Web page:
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Armed Peasant Association (ACA)

In 2014, former EPP members reportedly expelled from the group over disciplinary issues created the Armed Peasant Association (ACA), which has similar leftist pursuits and operates in the same areas as the EPP. EPP/ACA activity consists largely of isolated attacks on remote police and army posts or on ranchers/peasants accused of collaborating with security services. In 2015, a number of extortions, kidnappings, and murders in northern San Pedro and southern Concepcion were attributed to the EPP or ACA.

Four members of the Paraguayan guerrilla group the Armed Campesino Association were killed 17 November 2015 during clashes with police and soldiers. The government said it is the most successful strike against guerrillas operating in the north area of Paraguay, known for its prolific cattle industry. Interior Minister Francisco de Vargas said Tuesday at a press conference, "The heads of the group were killed, and also weapons and camouflage uniforms were seized. It has been the most successful strike in our campaign against guerrillas operating this area." Events took place in the area of Concepcion, about 300 miles north of capital Asuncion. Police said that among the rebels killed was alleged ACA founder Alfredo Jara Larrea.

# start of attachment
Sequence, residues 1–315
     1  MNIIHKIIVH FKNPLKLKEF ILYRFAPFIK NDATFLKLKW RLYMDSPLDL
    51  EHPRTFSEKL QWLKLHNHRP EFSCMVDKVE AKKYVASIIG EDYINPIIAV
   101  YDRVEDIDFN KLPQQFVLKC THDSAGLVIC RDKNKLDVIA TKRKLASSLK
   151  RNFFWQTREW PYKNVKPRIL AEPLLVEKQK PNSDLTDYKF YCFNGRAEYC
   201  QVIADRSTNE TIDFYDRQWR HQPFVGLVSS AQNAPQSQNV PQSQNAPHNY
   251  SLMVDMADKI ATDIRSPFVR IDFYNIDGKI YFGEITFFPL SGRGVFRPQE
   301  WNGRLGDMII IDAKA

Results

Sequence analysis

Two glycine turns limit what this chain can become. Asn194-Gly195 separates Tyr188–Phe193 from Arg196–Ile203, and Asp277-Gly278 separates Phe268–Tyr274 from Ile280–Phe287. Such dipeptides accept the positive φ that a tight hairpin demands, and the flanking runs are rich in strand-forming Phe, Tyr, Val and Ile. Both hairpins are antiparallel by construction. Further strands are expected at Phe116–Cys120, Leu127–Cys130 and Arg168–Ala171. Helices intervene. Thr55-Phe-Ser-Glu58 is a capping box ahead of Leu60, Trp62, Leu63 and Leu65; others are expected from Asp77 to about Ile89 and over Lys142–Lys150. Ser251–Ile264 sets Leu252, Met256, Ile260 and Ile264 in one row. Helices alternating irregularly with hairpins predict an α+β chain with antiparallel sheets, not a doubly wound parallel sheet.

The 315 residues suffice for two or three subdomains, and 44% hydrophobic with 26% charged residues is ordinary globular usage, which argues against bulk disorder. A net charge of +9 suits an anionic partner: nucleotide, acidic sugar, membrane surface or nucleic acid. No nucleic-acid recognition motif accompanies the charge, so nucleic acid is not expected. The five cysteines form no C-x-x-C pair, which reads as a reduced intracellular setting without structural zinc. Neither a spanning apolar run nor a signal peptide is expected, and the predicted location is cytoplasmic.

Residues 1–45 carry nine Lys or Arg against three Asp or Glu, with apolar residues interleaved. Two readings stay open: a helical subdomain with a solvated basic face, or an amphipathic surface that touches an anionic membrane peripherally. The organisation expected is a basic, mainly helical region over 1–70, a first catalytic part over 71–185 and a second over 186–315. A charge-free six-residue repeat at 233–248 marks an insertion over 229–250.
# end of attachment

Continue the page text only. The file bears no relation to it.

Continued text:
The ACA is considered a splinter group from the Paraguayan Peoples Army, or EPP. The Government says the founders of the ACA are former members of the EPP, which was formally founded in 2008. Authorities say the insurgents have killed more than 50 people since 2008, and that they carried out several kidnappings.

The northern region of Paraguay, known for its ranching industry, has been populated by armed guerrillas over the past 20 years. Although the current right-wing government of Horacio Cartes has tried to link these rebels to the left-wing Guasu Front, there is no evidence linking the two. The leader of the Guasu Front, Fernando Lugo, who was a former president ousted by a parliamentary coup in 2012, said the accusations against his political organization are aimed at damaging the image of the left-wing in the South American country, where almost 70 percent of Paraguayans disapprove the policies implemented by Cartes.



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